Phoebe’s Travel Essentials

By the end of 2017 I will have completed six solo international trips (London, Kenya x 4, and Uganda). I love reading other people’s travel tips, but I have found that 1) they are usually written for men (see Tim Ferriss travel advice including recommendations for men’s underwear or clothing and advice on couch surfing) or 2) are in fashion magazines for glamorous women who always bring their $300 La Mer face cream on the plane. I wanted to write a guide for a young solo traveler going somewhere a little bit off the beaten path. This is part packing list, part to-do list, and part mental health list. These are some of the tips I have learned (and am still practicing) over the past year.


  • Download a comfort show (i.e., “Friends,” “Sex and The City,” “Seinfeld,” “Parks and Recreation”), you know yours. That way wherever you are you have your built-in friends and a predictable distraction. Don’t rely on wifi for your entertainment because other countries have unexpected power outages.
  • Download books in advance (if you use an e-reader) and lots of podcasts. It is especially fun to read travel books while traveling. I just read this one.
  • A good meditation app. Even better if it is one you have used before. I don’t tend to meditate as much abroad as I do at home, but I do always use an app to fall asleep. It makes a sketchy hotel room feel way more comfortable. I like the app, “Relax” by Andrew Johnson.
  • Travel noise machine because white noise is more comforting than listening to unfamiliar sounds as you try to fall asleep and you never know what noises you will be dealing with (there are guard dogs next door to my current hotel and they have been barking at each other at random hours throughout the night)
  • Travel yoga mat – This is a new purchase for me but it is because I recently became obsessed with this online yoga video series called “Yoga with Adriene.” It is helpful to stay active and mindful wherever you are. I also use the “falling asleep” video from this series when jetlag wakes me in the middle of the night.
  • Mini flashlight (again power outages)
  • Converter for multiple countries in one (this is helpful in case you have a layover in a place that has a different outlet type than your final destination)
  • Neck pillow (I just started using this one instead of the traditional u shaped one)
  • Converters
  • Door stop (in case your hotel door doesn’t have a lock)
  • Something that smells like home. I bring a lavender spray that I always use before bed at home. It is relaxing, reminds me of home, and is useful in case there is a weird smell in the place you are staying.
  • Bring a bag that you can carry close to your body that has multiple zipped pockets to prevent pick pocketing.
  • Pack lots of snacks! I also like to pack ginger chews and stomach teas.


To do list:

  • A note about jet lag – my latest trick is to not drink any alcohol while traveling. I do take something to help with sleep, but I find that alcohol makes me feel terrible during the trip and after. It is tempting, but it is just not worth it. Keep yourself hydrated before and after the flight(s).
  • Write a detailed agenda and share with a few select people – for me it goes to my mom, my husband, and sometimes professors (depending on the security situation and if it would be useful to have them know my plans). In this plan include your flight information, hotel information, passport number, health insurance information, and phone numbers of U.S. embassy, local hospital, and local police.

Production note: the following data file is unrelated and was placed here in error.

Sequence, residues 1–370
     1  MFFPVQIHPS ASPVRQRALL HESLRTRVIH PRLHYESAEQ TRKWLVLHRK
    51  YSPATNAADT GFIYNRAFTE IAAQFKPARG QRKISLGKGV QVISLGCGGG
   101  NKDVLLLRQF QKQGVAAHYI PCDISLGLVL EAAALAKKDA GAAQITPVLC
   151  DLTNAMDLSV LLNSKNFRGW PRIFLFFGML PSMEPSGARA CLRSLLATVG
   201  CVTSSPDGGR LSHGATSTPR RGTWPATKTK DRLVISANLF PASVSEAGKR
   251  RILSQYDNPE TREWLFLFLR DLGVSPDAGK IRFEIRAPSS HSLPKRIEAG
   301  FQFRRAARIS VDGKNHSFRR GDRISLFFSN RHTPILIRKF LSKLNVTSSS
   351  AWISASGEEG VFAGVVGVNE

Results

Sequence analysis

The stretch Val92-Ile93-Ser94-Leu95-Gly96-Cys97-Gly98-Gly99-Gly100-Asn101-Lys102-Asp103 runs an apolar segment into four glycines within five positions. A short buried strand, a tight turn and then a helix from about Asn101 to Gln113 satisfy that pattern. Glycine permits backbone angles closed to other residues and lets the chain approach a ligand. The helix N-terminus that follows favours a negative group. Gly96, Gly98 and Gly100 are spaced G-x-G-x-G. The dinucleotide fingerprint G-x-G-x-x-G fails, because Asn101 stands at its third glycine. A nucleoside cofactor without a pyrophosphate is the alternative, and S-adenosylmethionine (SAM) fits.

• Plan how you are going to communicate with others – whether it’s what’s app, email, imessage, try to figure out in advance what might work for you. In Africa since I am 7 hours ahead of my family I always write them a morning email and it is nice to look forward to their emails early afternoon my time. It is important to have a person who is your daily check-in who always knows where you are, etc.
  • Check-in with your primary care doctor at least a month before your trip. Some vaccines require time before they are effective. Get required medication as well as GI medicine and extra prescriptions for illnesses you commonly get (i.e. UTI). Bring lots of over the counter medicines (cold medicine, advil, etc.) because many countries don’t have the same recognizable medicines as the U.S.
  • Get some good non-refrigeration required probiotics
  • Register with the U.S. embassy and follow the embassy and other local security services, news outlets, on twitter.
  • Make several copies of your passport and keep them in different places
  • Check visa requirements for where you are going. More places are requiring travelers to get visas in advance and even if a place doesn’t require it, it can save a lot of time once you arrive.
  • Take out cash and store it in different places. I keep some in my wallet, some in an envelope inside a notebook that I keep in another bag, and sometimes even put a little bit in my checked bag. I usually don’t exchange it all at once because it can be useful in certain places to hold onto American cash.
  • Set-up travel alerts on your credit card company
  • Even if you don’t plan to use your phone for calling while abroad check-in with your cellular provider so that in case of emergency you could use your phone. On that note if you are going to be in a place for a long time it can be convenient to bring an old phone and get a sim card with a local number.
  • Know how you are going to get picked up from the airport. Don’t assume there will be cabs there and that it is safe to get into any cab. Also,s depending on what type of hotel you are staying at if you are arriving late make sure there will be someone to check you in.